If you've ever envisioned a Dual Shock's thumbsticks being used for a twin joystick game like Sega's Virtual On series, you have an idea of what the DAP's green mode was intended to do. Unfortunately, in practice it didn't work out so well - mainly because two huge joysticks that you can wrap your fists around control very differently from two tiny thumbsticks. Sony eventually decided that so few titles were made for the Flightstick that the mode wasn't worth keeping, and stripped support from the refined Dual Shock design the following year. And that pretty green LED was lost to PlayStation controllers forever.

The Dual Analog Pad compared to the Dual Shock pad
Many gamers preferred the feel of the DAP's significantly longer handles.

So which one is better: the DAP or the Dual Shock? Tough call. The one clear advantage that the DAP has are its extra-long handles, and there's a faction of diehard gamers who swear by it for that alone. It really does provide a significantly more comfortable grip, especially for people with larger hands.

One reason Sony likely reduced the controller's size was to take advantage of economies of scale: two inches less plastic on each controller adds up to a substantial savings when you're making millions of them. Another factor is that Japanese gamers are said to prefer their controllers smaller than the average American does; an example of this is the dramatic disparity between the size of the original Xbox pad in the U.S. and Asian markets. Incidentally, that's another case of a large controller that ended up getting replaced worldwide by a smaller revised version (the Xbox Type S).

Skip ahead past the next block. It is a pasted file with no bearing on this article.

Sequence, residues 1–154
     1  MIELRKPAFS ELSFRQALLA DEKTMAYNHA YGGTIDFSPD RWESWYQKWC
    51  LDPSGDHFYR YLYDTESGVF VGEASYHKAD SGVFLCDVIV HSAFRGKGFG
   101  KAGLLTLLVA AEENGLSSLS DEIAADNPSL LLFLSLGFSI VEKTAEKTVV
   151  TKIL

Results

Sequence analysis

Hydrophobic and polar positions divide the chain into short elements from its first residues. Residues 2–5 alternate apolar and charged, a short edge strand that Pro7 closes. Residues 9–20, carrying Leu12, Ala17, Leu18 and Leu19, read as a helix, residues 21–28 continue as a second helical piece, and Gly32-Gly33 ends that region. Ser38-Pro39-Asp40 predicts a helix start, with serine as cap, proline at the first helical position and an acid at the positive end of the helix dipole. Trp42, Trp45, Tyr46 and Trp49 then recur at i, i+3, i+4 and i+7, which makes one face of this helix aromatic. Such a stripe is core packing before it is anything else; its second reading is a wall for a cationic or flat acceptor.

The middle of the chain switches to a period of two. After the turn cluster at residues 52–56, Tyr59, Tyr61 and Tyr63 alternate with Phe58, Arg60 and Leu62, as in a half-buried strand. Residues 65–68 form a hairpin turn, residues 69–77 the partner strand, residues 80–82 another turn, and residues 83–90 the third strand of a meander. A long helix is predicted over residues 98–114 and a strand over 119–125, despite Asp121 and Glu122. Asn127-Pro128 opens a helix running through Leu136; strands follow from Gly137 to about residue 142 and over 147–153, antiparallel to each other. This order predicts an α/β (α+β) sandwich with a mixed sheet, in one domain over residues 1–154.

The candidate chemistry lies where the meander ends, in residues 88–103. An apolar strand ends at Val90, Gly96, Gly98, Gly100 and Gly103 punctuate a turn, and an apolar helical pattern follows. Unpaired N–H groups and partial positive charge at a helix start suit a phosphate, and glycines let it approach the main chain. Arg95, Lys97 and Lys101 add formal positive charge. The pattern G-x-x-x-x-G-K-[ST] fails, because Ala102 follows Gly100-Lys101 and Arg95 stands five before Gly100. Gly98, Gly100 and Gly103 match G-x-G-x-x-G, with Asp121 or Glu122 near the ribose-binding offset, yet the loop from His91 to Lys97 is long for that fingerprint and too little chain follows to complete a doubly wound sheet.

Otherwise, the Dual Shock was an improvement on the DAP, particularly in the response of the analog sticks themselves and in adding rumble support (absent from the American DAP). The thumbsticks of the DAP are a bit loose and don't have as much resistence, and the concave plastic surface doesn't hold a thumb in place as well as a rounded rubber grip does. It's sometimes hard to make precise movements with the DAP's wobbly thumbsticks. If Sony had combined the big handles of the DAP with the rest of the Dual Shock, it would have been the best of both worlds. As for the elimination of the green mode, it's not that much of a loss in practice. Besides the novelty of that green LED, there was never much to it. The few games that supported the green mode are unremarkable, and the DAP's thumbstick emulation never worked that well as a substitute for the Flightstick anyway. But it still looks cool!

As a final note, nowadays the DAP may be one of the scarcest official first-party controllers ever made. Finding one isn't easy. New copies vanished from shelves long ago, and the used controller market is a difficult one to comb through. A recent search through eBay, online game retailers, and local game stores didn't turn up a single pad. And because it looks so similar to the Dual Shock, the few sellers who do happen to have one may not correctly identify it in online listings. The good news is that if you do manage to score a DAP, it's likely to sell cheap despite its rarity, so your wallet won't have to go into a "green mode" of its own.

· · · Ted Boyke

2004 The Next Level